Washington--You can toss out the window any convictions about the best form of psychotherapy to get alcoholics to quit drinking. Contrary to a leading theory, it doesn't seem to matter which kind of technique you use. That's the bottom line of a 6-year, $27 million study whose findings were announced by the National Institute on Alcohol Abuse and Alcoholism (NIAAA) at a press conference here today.
In recent years, a number of clinical studies have suggested that "matching" particular types of alcoholics with particular treatments--for example, teaching someone with poor impulse control how to think through actions before taking them--would help them quit drinking. Indeed, that was the premise behind NIAAA's Project MATCH, the most rigorous and extensive clinical trial ever of therapies for alcoholics.
The study involved 25 research institutions and 1726 alcoholics who were randomly assigned to 12 weekly sessions of one of three types of individual psychotherapy: cognitive-behavioral therapy (which seeks to teach new ways of thinking), motivational therapy (in which the patient is encouraged to take responsibility for his own recovery), and a spiritually oriented therapy derived from the philosophy of Alcoholics Anonymous (AA). The researchers' hypothesis was that people with "high cognitive impairment" would benefit from the first therapy, unmotivated people from the second, and "meaning-seeking" people from the third.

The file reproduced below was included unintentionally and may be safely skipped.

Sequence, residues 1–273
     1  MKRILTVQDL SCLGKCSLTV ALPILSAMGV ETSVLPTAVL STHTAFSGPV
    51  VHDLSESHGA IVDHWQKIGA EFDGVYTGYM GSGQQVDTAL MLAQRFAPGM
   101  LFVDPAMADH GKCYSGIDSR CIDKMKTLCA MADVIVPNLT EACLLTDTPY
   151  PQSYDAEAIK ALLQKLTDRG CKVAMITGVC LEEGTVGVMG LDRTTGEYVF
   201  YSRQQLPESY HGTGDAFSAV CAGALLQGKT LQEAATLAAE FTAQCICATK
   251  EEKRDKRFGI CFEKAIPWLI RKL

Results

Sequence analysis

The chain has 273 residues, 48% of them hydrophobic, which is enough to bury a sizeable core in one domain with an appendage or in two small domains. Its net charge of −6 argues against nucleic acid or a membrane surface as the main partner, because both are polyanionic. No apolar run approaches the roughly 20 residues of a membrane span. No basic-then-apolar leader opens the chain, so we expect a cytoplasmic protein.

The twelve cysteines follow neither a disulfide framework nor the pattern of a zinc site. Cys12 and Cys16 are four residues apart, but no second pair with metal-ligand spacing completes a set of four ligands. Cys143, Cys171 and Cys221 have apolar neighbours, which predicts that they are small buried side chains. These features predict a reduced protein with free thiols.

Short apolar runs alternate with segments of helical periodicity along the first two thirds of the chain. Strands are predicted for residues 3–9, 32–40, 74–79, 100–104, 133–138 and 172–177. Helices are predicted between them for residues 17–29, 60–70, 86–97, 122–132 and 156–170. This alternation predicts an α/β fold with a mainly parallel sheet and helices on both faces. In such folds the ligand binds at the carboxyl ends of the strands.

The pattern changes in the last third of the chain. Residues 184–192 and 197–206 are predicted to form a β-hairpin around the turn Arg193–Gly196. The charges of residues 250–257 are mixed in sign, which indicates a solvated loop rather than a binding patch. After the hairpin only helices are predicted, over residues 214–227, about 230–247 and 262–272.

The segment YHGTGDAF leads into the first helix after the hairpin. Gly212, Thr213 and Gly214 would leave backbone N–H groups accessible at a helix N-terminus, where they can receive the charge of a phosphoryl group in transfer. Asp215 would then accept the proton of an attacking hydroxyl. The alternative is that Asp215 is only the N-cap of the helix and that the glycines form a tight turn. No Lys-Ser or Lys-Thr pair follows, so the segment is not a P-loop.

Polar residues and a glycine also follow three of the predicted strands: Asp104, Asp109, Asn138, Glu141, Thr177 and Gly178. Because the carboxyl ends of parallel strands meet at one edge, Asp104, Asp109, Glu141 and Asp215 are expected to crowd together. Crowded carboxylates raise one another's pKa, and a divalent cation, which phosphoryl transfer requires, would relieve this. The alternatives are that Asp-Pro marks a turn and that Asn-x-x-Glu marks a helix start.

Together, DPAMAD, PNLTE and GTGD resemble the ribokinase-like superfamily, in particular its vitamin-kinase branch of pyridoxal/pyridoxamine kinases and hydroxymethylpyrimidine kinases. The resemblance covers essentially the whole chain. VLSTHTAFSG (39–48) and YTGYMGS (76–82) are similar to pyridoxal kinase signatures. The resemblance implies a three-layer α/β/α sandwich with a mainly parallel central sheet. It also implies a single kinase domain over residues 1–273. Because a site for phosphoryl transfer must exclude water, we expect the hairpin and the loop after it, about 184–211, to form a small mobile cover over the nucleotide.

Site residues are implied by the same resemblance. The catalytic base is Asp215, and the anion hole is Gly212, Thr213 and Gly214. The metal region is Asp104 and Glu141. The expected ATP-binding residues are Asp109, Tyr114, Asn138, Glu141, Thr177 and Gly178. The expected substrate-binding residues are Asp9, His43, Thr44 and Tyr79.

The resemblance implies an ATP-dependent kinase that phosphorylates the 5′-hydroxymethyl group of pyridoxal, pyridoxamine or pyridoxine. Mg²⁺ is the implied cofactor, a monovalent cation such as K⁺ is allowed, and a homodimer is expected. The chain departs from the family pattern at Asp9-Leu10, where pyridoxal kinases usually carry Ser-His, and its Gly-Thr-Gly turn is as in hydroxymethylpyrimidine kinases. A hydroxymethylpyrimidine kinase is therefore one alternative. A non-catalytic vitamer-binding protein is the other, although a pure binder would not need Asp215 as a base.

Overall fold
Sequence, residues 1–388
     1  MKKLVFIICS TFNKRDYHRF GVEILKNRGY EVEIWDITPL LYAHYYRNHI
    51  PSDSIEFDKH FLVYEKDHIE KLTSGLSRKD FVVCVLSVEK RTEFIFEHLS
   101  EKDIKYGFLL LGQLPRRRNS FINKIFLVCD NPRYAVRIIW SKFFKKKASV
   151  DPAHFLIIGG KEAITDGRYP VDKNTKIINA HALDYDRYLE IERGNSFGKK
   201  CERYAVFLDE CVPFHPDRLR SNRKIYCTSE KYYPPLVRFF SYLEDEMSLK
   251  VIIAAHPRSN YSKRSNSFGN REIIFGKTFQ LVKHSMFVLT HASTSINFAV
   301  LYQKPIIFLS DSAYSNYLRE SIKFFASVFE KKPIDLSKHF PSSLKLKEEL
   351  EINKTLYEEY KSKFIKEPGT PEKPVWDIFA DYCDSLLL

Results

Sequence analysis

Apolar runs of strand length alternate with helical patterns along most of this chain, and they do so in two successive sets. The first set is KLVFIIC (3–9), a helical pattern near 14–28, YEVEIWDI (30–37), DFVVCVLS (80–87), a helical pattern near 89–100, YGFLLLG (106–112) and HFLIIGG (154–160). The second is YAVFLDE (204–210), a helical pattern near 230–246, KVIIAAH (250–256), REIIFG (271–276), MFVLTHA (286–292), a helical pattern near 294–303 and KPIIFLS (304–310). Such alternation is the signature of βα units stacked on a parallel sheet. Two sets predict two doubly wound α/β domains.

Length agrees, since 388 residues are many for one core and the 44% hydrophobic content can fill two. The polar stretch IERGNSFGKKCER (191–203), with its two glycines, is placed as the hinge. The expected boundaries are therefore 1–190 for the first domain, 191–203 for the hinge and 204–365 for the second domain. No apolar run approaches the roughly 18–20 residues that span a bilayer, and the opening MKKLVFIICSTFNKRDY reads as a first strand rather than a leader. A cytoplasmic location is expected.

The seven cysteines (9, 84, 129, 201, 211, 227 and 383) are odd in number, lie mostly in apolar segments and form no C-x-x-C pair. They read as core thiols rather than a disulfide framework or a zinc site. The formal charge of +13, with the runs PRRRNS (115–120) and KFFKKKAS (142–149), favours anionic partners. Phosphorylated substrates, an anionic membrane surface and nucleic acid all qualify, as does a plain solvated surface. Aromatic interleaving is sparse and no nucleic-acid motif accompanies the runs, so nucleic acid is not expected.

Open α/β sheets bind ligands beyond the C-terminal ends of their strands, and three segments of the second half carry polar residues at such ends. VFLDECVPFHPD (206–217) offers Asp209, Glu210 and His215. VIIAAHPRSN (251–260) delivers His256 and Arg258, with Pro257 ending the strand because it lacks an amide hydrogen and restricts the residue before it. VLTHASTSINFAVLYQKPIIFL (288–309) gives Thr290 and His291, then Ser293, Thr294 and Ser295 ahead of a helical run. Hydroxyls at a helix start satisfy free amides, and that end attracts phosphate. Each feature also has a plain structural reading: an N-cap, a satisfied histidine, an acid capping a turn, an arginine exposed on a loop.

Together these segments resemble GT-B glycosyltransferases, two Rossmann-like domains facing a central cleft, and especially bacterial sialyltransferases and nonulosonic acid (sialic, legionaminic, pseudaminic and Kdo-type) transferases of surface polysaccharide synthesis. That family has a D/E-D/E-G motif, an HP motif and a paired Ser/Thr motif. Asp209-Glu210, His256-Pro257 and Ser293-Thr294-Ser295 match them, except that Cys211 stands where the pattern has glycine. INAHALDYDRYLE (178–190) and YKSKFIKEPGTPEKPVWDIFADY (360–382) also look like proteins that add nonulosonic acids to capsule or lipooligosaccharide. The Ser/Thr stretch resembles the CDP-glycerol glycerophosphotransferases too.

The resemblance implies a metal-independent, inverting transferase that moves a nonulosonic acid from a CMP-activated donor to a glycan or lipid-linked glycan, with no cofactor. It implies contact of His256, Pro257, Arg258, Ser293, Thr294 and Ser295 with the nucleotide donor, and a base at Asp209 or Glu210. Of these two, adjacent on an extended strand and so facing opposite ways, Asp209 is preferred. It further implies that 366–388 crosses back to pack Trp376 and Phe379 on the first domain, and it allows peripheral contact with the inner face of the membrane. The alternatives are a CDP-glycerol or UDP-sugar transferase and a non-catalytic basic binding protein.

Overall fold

All therapies, however, appeared to be equally effective--a year later, the average number of drinking days per month among all participants had declined from 25 to six. "Outcomes were not substantially improved by patient matching," says Gerard J. Connors of the New York State Research Institute on Addictions. The main exception was that patients with few psychiatric problems and "meaning-seekers" did better with the AA-based therapy. They also went to more AA meetings.
The results show that "we're not yet at the core of what the pathophysiological changes are in alcoholism," says NIAAA director Enoch Gordis. Nonetheless, he says, the findings also suggest that "competently run programs" work.